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Siemens Points Finger At Suppliers In Wind Turbine Accident

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Broken turbine with fallen blade | Photo: Jim Pelley

Shortly after a blade came loose at the Ocotillo Express Wind facility in Imperial County earlier this month, facility operator Pattern Energy deftly handed the matter off to turbine builder Siemens Energy. With a muted press statement issued Friday, it looks as though Siemens is now trying to pass the buck as well.

In an email newsletter issued in the afternoon on Friday, May 24, Siemens pointed a finger at a root component of the company's ten-ton, fiberglass-epoxy B53 blade, the model which detached from the turbine at Ocotillo and landed about 150 yards away across a publicly accessible dirt road.

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The meat of that email newsletter:

In the wake of the May 16 blade throw incident, Siemens "curtailed" all its turbines worldwide that use the B-53 blade. That's about 700 turbines worldwide, 600 of them in the U.S. "Curtailment" is a term of art meaning that the turbines are slowed, sometimes but not always to a complete stop. Curtailed wind turbines don't produce power, but if the affected blades are still moving, and stresses on the blades' connection to the rotor hub still shifting, the possibility of blade throw isn't completely removed. Ocotillo resident Parke Ewing told ReWire that the blade throw incident on May 16 happened during a period of light wind, and it's doubtful the turbine in question was spinning at anywhere near its peak speed.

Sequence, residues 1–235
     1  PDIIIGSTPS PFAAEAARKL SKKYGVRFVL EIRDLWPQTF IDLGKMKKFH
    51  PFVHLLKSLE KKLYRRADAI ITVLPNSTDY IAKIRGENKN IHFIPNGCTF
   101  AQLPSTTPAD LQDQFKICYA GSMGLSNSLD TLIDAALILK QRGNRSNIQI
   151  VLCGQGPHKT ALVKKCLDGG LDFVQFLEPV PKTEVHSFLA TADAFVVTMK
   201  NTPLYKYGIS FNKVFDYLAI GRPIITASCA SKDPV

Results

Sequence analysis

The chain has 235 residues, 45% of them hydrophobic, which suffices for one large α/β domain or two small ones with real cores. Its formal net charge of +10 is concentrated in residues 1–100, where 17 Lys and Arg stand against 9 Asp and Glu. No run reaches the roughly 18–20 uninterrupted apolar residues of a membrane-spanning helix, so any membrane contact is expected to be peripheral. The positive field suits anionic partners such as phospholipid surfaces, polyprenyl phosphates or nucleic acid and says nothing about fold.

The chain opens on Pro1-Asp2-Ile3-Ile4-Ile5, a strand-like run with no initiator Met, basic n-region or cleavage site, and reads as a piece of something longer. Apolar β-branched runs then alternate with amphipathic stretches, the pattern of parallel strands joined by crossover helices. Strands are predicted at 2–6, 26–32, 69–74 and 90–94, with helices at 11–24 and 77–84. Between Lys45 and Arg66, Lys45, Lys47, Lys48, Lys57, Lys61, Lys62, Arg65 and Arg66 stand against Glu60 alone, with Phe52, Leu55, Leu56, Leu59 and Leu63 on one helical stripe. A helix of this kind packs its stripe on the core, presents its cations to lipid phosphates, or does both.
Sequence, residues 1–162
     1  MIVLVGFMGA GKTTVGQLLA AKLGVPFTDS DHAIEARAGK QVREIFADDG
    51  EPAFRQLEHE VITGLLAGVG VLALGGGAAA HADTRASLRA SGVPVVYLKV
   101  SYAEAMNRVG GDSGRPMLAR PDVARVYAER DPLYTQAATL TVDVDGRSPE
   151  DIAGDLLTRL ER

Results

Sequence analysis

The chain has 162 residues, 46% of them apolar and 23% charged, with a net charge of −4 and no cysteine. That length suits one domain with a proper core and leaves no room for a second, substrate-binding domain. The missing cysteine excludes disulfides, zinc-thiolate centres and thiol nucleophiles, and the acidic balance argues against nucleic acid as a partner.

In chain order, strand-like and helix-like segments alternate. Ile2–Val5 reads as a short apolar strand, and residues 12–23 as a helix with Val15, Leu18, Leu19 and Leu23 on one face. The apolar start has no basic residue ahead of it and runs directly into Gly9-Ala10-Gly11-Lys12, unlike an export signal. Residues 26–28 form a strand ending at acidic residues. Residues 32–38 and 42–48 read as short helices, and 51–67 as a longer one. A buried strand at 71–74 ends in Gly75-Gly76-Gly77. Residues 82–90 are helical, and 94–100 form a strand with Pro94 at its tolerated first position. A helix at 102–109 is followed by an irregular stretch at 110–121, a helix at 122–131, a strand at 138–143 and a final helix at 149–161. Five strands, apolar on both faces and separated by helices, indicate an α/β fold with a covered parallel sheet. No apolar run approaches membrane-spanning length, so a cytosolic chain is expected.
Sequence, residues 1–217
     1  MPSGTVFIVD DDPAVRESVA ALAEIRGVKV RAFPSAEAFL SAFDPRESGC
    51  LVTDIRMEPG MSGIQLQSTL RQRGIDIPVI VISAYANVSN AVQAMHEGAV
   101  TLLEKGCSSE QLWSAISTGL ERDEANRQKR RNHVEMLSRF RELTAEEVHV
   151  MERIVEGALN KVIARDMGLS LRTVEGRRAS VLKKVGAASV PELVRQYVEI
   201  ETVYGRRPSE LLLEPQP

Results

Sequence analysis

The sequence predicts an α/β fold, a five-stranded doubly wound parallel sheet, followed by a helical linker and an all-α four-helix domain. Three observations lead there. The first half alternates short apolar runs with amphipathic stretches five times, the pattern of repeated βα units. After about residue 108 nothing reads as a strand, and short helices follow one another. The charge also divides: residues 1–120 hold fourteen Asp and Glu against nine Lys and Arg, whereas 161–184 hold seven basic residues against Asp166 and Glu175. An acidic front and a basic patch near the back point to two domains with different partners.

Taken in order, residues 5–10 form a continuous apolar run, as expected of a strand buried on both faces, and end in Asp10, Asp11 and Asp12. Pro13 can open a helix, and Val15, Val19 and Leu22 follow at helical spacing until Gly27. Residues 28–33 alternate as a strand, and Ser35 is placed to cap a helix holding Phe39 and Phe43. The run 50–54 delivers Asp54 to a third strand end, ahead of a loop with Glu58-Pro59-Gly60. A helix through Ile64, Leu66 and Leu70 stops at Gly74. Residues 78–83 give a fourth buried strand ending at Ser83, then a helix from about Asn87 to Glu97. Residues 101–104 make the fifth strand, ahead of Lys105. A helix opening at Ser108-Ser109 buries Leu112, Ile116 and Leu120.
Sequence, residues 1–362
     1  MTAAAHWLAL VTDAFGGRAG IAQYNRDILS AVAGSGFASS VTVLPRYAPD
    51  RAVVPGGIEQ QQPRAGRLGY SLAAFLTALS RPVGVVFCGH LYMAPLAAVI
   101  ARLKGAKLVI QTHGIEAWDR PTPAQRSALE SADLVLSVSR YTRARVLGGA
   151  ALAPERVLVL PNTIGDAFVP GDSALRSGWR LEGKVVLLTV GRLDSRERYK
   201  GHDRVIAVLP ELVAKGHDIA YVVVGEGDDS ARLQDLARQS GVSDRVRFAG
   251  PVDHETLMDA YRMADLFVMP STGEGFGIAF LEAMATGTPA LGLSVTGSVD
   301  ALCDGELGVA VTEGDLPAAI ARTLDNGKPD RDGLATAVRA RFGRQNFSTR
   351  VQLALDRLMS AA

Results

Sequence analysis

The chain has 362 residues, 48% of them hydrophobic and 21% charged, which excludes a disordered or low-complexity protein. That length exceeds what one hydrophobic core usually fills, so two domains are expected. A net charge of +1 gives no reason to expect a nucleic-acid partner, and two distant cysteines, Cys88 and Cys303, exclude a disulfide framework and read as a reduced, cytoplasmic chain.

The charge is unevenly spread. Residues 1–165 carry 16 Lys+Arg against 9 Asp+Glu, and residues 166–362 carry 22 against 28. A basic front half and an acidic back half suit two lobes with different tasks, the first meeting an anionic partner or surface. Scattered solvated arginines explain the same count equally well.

For ongoing environmental coverage in March 2017 and afterward, please visit our show Earth Focus, or browse Redefine for historic material.
KCET's award-winning environment news project Redefine ran from July 2012 through February 2017.

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